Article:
After nearly 60 years, Clark Haas’ episodic adventure is still popular and adored by many today.
Bringing original cartoon content to television presented a challenge to animation studios. It would be an expensive venture, with limited finances.
The first animated cartoon series created for television, Crusader Rabbit, was the invention of Jay Ward and Alexander Anderson. It was released in syndication in 1949. Produced by Jerry Fairbanks, the brave bunny was offered as a “five times a week” package to TV stations.
According to a February 9, 1949, Variety article, the Crusader Rabbit series carried a price tag of $75 to $150 per week, depending on the size of market areas. The article also included information on how to produce a cartoon economically.
“Fairbanks was able to bring the films in at a cost permitting the low rentals through use of a new simulated animation process, in which much of the animation is effected through varying camera angles,” Variety said. “Minimum of actual animation is also employed.”
The new “Teletoon” animation technique was developed by Television Arts Productions, of Berkeley, California, which had been recently organized by former Terrytoons animator and story editor, Alexander Anderson, and San Francisco producer, Jay Ward.
Fairbanks’ company, Jerry Fairbanks Productions, was under contract with NBC, which distributed everything he created for TV. But, when the network snubbed him, Fairbanks pitched the show to television stations himself. The plan was to produce 130 five-minute cartoons for the syndication package. When the show went into production the second week of September, Fairbanks completed a 13-week package that featured 65 episodes. Crusader Rabbit made his debut on the boob tube in December.
The first network cartoon series, The Ruff and Reddy Show, made its debut the end of 1957. The cartoon, created by William Hanna and Joseph Barbera, originated from their newly established H. B. Enterprises, Inc., with offices located at Kling Studios. George Sidney was president of the upstart cartoon production company.
Hanna and Barbera, vice-presidents of the studio, successfully pitched the idea of the space-bound cat and dog via storyboards to Columbia’s Screen Gems for distribution. NBC bought the show and broadcast its network premiere on December 14.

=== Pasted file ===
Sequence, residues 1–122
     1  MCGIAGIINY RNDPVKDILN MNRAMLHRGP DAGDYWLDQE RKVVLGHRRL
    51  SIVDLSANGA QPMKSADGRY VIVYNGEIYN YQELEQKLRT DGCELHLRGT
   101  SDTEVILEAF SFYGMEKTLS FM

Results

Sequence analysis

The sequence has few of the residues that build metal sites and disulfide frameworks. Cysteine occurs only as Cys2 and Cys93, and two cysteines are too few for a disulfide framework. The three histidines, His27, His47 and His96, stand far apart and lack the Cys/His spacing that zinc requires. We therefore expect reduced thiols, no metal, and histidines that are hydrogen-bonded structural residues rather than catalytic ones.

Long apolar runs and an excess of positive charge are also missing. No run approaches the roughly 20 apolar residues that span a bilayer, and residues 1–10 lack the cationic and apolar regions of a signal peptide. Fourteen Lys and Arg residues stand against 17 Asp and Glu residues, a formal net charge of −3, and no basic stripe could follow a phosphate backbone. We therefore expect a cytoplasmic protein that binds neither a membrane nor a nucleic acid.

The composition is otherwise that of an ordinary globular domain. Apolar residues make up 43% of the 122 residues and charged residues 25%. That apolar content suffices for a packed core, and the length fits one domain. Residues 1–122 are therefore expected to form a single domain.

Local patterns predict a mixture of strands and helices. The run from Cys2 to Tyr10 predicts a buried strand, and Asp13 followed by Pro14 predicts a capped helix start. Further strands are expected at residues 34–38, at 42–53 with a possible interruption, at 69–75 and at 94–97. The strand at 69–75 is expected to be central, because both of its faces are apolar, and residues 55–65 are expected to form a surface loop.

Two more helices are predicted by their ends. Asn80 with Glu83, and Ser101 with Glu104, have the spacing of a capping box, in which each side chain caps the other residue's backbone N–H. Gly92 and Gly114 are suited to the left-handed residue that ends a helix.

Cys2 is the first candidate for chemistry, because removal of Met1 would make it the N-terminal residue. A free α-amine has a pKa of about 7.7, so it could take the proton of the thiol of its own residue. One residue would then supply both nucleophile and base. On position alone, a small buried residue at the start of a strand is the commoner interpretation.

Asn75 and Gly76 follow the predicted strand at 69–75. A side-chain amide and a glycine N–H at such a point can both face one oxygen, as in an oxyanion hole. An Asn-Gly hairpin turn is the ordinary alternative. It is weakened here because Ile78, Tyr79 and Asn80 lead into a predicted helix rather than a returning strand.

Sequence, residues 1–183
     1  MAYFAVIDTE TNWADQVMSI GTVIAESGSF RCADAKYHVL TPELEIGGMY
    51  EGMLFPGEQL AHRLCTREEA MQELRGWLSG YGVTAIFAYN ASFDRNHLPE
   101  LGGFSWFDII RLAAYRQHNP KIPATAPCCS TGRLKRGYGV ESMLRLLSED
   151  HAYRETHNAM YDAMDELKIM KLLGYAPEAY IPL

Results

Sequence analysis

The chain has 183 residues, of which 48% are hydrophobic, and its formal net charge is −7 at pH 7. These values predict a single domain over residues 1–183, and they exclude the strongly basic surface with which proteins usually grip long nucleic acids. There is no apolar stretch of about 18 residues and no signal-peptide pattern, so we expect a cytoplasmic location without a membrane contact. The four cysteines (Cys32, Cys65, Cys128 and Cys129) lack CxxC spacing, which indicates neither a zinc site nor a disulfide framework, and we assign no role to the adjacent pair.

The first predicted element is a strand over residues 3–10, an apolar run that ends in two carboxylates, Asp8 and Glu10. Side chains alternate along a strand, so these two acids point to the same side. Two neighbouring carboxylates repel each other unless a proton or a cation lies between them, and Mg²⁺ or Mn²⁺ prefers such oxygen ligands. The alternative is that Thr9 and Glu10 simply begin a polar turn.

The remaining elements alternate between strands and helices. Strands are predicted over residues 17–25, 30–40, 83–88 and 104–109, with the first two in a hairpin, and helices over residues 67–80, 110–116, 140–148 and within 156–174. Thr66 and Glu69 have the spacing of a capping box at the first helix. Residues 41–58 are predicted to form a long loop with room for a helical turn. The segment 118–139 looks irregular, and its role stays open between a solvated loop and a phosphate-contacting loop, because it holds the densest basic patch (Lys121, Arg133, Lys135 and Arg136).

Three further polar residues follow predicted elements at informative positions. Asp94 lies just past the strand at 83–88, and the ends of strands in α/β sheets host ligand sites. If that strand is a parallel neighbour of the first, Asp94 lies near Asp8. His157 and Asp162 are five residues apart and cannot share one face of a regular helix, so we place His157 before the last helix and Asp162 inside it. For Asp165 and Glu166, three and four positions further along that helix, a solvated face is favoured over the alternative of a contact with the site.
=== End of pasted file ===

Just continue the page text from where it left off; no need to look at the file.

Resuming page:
The series used “limited animation” techniques which enabled the show to be financially feasible. The process limited the number of illustrations used to create motion and incorporated repeated actions. According to a report published in Broadcasting-Telecasting magazine on October 28 that year, New York animation studio, Anime Inc., stated the “limited animation” technique “can reduce costs as much as 50% below those of standard animation.”
Joining the cartoon television wave in 1959 was Cambria Productions, who cut animation costs even more by introducing a somewhat creepy, and bizarre, technique called “Syncro-Vox.” The process involved superimposing the actual mouths of voice artists onto illustrations.
Cambria Productions, founded by illustrator Clark Haas in 1957, launched their first adventure series featuring “Syncro-Vox,” Clutch Cargo, on March 9, 1959. By doing so, the studio introduced “lip service” to the world of animated cartoons.
Subsequent “lip service” Cambria cartoons were Space Angel (1962) and Captain Fathom (1965).
The animation in Clutch Cargo was so limited that Cambria marketed it not as a cartoon but as “television’s first comic strip.” Haas, the show’s creator and art director, was quite familiar with comic strips. He previously had illustrated the Sunday edition of “Buz Sawyer.” He also created and illustrated his own syndicated comic strip, “Sunnyside.”
The star of the series, Clutch Cargo, was a brawny, white-haired action-figure. Beside him on adventures was an inquisitive, freckle-faced boy named Spinner and a dachshund named Paddlefoot. Radio announcer Richard Cotting provided the voice for the series star, with actress Margaret Kerry as Spinner. Actor Hal Smith, best known for his role as Otis Campbell, the town drunk of The Andy Griffith Show, made the sounds for Paddlefoot and voiced Swampy, among others.